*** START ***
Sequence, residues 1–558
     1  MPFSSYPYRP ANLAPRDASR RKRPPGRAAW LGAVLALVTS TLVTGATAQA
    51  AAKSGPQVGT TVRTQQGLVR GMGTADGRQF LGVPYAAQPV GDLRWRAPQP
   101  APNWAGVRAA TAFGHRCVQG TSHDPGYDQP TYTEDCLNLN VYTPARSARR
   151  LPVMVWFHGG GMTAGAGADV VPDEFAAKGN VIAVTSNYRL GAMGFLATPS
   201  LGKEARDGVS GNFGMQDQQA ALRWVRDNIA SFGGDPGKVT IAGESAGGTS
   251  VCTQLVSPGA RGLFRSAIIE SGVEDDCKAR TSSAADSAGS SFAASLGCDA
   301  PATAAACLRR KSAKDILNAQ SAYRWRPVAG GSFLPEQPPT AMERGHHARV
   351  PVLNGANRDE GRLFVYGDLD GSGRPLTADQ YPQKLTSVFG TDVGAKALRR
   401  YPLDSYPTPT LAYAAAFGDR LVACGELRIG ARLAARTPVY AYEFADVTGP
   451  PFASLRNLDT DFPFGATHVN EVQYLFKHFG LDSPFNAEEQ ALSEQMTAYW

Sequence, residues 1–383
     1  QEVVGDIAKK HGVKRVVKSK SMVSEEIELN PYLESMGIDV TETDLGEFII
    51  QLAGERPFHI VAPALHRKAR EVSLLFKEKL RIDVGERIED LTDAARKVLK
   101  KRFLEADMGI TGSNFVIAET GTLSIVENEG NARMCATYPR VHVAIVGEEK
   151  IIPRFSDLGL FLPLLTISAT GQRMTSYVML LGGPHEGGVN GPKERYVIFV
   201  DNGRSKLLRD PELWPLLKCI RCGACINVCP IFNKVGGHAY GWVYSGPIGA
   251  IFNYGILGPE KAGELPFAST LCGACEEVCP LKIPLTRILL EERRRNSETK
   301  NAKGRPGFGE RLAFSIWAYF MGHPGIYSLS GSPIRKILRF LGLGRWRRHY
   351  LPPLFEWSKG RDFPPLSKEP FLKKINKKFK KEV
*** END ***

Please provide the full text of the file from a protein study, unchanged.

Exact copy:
Sequence, residues 1–558
     1  MPFSSYPYRP ANLAPRDASR RKRPPGRAAW LGAVLALVTS TLVTGATAQA
    51  AAKSGPQVGT TVRTQQGLVR GMGTADGRQF LGVPYAAQPV GDLRWRAPQP
   101  APNWAGVRAA TAFGHRCVQG TSHDPGYDQP TYTEDCLNLN VYTPARSARR
   151  LPVMVWFHGG GMTAGAGADV VPDEFAAKGN VIAVTSNYRL GAMGFLATPS
   201  LGKEARDGVS GNFGMQDQQA ALRWVRDNIA SFGGDPGKVT IAGESAGGTS
   251  VCTQLVSPGA RGLFRSAIIE SGVEDDCKAR TSSAADSAGS SFAASLGCDA
   301  PATAAACLRR KSAKDILNAQ SAYRWRPVAG GSFLPEQPPT AMERGHHARV
   351  PVLNGANRDE GRLFVYGDLD GSGRPLTADQ YPQKLTSVFG TDVGAKALRR
   401  YPLDSYPTPT LAYAAAFGDR LVACGELRIG ARLAARTPVY AYEFADVTGP
   451  PFASLRNLDT DFPFGATHVN EVQYLFKHFG LDSPFNAEEQ ALSEQMTAYW

Sequence, residues 1–383
     1  QEVVGDIAKK HGVKRVVKSK SMVSEEIELN PYLESMGIDV TETDLGEFII
    51  QLAGERPFHI VAPALHRKAR EVSLLFKEKL RIDVGERIED LTDAARKVLK
   101  KRFLEADMGI TGSNFVIAET GTLSIVENEG NARMCATYPR VHVAIVGEEK
   151  IIPRFSDLGL FLPLLTISAT GQRMTSYVML LGGPHEGGVN GPKERYVIFV
   201  DNGRSKLLRD PELWPLLKCI RCGACINVCP IFNKVGGHAY GWVYSGPIGA
   251  IFNYGILGPE KAGELPFAST LCGACEEVCP LKIPLTRILL EERRRNSETK
   301  NAKGRPGFGE RLAFSIWAYF MGHPGIYSLS GSPIRKILRF LGLGRWRRHY
   351  LPPLFEWSKG RDFPPLSKEP FLKKINKKFK KEV